• Hand-operated Ferry: As the name implies, this cable ferry is powered by muscle alone. Given the advancements in electricity, the hand-operated ferry is now the least common of the three. There are, however, a number of hand-operated ferries that still draw significant traffic, including the Stratford-upon-Avon cable ferry and the Saugatuck cable ferry – and one man-powered ferry left in Germany.

Technology continues to advance, even for vessels as old as the cable ferry. The newest innovations being researched for the cable ferry include use of lithium ion batteries to power the boats.

History of the Cable Ferry

Individuals have needed to cross bodies of water since before recorded history, and some version of the cable ferry likely existed to address this need. Recorded examples of this type of transportation date back to the 13th century, including the Hampton Ferry in England. Other notable, historical cable ferries include:

  • Kennebecasis River: In the early 1900s, Canadian engineer William Pitt installed a cable ferry on this river, paving the way for additional cable ferries along the Saint John River system.
  • Sacramento Delta: Cable ferries rose to prominence on the Columbia River, though most are no longer workable.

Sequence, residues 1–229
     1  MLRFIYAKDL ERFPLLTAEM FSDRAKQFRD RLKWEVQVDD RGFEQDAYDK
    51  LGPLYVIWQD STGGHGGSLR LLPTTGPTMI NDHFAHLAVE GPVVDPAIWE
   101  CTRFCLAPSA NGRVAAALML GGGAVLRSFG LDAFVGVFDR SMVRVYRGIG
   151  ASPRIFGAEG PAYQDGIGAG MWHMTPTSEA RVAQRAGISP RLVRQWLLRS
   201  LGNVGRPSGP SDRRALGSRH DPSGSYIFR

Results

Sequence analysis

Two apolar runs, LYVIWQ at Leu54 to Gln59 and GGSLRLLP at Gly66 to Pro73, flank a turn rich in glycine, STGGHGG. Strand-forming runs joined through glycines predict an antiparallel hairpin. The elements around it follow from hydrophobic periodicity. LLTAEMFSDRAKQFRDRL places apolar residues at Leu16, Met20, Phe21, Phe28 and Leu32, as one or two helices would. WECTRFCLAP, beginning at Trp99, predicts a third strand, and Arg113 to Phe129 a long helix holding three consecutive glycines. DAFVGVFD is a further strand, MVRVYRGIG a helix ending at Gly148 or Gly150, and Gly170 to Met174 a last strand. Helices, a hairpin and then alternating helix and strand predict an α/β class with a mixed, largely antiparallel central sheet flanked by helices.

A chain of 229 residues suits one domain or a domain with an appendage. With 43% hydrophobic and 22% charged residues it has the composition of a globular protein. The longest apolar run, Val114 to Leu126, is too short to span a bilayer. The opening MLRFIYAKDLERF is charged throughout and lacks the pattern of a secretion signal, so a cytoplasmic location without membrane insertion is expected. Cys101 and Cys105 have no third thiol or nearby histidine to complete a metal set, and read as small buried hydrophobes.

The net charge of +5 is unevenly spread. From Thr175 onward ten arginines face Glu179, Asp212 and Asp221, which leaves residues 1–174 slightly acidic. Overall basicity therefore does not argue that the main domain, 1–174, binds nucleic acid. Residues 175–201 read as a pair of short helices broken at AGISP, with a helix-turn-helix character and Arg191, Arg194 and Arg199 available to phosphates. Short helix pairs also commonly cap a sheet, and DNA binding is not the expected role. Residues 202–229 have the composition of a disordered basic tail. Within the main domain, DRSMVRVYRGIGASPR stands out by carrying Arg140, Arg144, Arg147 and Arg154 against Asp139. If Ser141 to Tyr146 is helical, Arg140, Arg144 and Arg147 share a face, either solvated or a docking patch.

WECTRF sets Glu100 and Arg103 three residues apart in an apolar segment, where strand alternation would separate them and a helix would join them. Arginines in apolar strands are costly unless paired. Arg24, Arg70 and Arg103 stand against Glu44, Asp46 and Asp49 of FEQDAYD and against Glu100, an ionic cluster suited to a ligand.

• New South Wales: Cable ferries once served as the primary means of transportation for automobiles.
  • Tai O on Lantau Island: The Tai O Ferry in Hong Kong served as the main crossing over the Tai O River.
  • Connecticut River: Cable ferries operated on this river as early as 1640.

Beware of Danger

Cable ferries don’t come without their own hazards. Given their dependence on cables, they are susceptible to accidents. Cables could snap or other vessels could inadvertently wander into the path of the cable ferry, leaving passengers stranded or injured. An example of such an incident can be seen here.

While there are some small risks of danger, cable ferries represent an important and impressive part of water-travel history. Consider taking a ride if you ever have the opportunity to board a cable ferry.